4. Tony….I am going to write an article about referee authority and secrecy since I find your article somewhat controversial.

  5. If one listens to what the PGMO has had to say about this, it all about the referee’s authority. It sounds like the referees want to put themselves ahead of the game with all this bleating about authority. If they called a proper match and kept violent and repetitive fouls under check by early and just bookings and booked teams for dissension you wouldn’t have this problem. In my mind, it is a bit like police deciding what laws to follow and then getting upset when citizen-voters ask for civilian oversight of their actions.

  6. Andi Mack
    “The PL have used the PGMO (together with the easily lead/ gullible media) to generate some interest in the PL by turning the league into a soap opera (good guys, bad guys, mad guys, mad geniuses, demi-gods, johnny foreigner, plucky little team etc etc) which is managed by the PGMO on a week by week basis.”

    This is so true.

    I do agree that refs should have authority, we cannot rely solely on machines, but refs should become a part of a referee league, where their mistakes are penalised and their competence is rewarded.

    If VAR is used to monitor the refs and the ref league is implemented to run like the leagues in football, that is, with refs being promoted and demoted like clubs, with all that implies, ref tables, loss/gain of money and status, there will surely be more motivation for refs to perform at their best. This will also weed out the bad refs making the quality of refs much better.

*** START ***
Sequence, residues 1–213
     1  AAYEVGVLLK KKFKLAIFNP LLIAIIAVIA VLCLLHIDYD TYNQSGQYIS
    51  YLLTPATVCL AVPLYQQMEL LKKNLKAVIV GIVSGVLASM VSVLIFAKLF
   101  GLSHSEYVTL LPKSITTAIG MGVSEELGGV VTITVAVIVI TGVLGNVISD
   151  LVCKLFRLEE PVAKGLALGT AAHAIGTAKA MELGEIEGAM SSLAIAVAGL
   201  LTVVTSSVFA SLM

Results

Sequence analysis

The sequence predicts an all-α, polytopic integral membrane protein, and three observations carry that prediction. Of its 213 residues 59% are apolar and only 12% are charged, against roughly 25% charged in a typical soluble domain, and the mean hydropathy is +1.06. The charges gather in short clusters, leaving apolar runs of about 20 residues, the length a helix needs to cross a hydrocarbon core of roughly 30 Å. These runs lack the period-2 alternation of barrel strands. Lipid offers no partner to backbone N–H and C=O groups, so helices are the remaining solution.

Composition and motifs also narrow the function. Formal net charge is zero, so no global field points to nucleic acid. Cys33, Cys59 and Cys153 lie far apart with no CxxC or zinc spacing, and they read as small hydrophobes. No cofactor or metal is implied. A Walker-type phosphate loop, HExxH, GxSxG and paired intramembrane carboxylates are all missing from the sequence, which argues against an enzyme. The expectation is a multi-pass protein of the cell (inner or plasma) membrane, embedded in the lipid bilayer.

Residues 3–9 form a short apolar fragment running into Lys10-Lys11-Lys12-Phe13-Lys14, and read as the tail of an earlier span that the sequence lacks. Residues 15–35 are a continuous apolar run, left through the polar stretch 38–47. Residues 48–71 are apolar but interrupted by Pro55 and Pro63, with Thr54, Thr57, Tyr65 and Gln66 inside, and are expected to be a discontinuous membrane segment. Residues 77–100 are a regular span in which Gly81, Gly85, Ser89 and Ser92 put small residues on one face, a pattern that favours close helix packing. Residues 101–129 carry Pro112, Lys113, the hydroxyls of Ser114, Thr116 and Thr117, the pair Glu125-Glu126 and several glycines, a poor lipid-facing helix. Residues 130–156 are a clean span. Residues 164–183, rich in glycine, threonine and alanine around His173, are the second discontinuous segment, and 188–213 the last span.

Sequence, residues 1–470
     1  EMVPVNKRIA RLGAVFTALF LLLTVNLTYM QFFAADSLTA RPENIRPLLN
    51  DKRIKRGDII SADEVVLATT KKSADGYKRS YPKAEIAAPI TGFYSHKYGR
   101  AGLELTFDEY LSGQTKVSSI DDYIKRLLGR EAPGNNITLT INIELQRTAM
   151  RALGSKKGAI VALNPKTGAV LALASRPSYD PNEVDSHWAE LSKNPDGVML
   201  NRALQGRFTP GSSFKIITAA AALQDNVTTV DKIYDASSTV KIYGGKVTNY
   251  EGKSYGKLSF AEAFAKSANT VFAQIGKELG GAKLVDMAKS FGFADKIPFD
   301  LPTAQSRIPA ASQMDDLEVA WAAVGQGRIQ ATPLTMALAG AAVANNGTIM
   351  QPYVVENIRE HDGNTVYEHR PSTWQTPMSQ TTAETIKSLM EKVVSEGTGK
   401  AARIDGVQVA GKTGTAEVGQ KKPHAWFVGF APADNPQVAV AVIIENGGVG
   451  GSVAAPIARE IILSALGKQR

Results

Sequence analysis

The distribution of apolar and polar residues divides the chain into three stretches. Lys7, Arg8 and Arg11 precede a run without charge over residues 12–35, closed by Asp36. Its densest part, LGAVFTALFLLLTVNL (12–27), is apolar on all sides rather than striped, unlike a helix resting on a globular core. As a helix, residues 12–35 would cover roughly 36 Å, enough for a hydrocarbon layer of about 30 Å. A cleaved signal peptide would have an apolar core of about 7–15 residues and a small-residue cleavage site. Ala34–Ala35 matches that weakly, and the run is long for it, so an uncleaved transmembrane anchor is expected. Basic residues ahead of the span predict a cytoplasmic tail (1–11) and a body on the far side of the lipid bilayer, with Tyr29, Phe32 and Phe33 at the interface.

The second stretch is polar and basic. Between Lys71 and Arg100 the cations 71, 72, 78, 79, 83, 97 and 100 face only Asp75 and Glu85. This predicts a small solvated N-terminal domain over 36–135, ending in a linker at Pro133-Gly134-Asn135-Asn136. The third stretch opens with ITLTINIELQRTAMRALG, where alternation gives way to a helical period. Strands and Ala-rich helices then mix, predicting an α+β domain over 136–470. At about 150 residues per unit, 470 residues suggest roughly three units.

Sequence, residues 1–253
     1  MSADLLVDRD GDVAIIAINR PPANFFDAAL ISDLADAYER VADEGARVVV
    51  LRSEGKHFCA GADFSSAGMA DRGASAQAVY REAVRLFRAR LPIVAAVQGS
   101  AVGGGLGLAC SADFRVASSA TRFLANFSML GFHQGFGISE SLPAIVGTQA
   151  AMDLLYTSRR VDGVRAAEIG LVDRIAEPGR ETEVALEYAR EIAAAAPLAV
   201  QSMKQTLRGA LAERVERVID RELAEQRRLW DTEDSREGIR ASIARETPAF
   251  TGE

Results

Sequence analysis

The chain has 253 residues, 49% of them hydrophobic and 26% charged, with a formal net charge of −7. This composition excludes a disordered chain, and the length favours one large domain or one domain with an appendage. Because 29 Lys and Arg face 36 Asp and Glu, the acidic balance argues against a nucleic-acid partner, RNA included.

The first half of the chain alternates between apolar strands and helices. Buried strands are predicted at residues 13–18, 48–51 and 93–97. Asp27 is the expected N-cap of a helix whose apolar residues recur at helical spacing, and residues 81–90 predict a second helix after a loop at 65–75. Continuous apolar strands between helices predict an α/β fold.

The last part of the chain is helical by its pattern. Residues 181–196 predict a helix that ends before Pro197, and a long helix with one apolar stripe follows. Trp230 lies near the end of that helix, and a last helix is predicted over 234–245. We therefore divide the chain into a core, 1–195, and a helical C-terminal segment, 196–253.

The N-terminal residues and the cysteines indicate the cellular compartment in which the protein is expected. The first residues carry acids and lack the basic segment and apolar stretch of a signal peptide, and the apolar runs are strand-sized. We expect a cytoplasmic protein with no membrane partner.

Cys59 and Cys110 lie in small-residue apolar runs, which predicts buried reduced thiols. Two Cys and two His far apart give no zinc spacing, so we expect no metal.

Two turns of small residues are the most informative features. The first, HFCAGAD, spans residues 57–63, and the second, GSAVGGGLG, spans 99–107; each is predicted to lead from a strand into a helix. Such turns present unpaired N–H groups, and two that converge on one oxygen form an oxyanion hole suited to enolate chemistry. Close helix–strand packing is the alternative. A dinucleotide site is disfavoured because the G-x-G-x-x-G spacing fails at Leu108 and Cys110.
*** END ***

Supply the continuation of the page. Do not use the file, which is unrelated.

Of course refs income and bank details will also have to be monitored like clubs economic areas to make sure “sugar daddies” or others cannot influence refs with money.

    This is/will not be perfect, but i do think that without a ref league we will not improve the ref situation that much even with VAR.

    On top of that, football needs to have global rules with every country bound to the same rules, and ref training will need to be also following a global strategy.

    With the increasing nationalism, i just cannot see it happening any time soon.

    (Mind you with the impending false attack by aliens, many will call for globalisation and the world will seek to come closer and unite against the “aliens”) but would it last? Probably not, looking at the current mindset of our societies.

    If we cannot get along and share now without an outside threat, any form of uniting against a simulated threat, will surely be just an uneasy truce.

  7. It would be good if we could believe “no referee wants to make a mistake”. However their continued awards of decisions that do not represent the correct usage of the laws of the game might suggest otherwise. I find that every game has a point where fans of one or both teams are left perplexed by clearly wrong decisions on the pitch. The referee draws the focus away from the football onto his or her self. They now have their studio referee analysis and that offers the taste of celebrity which they seem to crave. When we consider just how bad some of these decisions are, the Laca penalty against Southampton springs to mind, they can only be considered as willful and deliberate until such time when accountability is established. It can not be that any organisation can survive and retain credibilty when they make “mistakes” or clearly wrong decisions in every game they are involved in.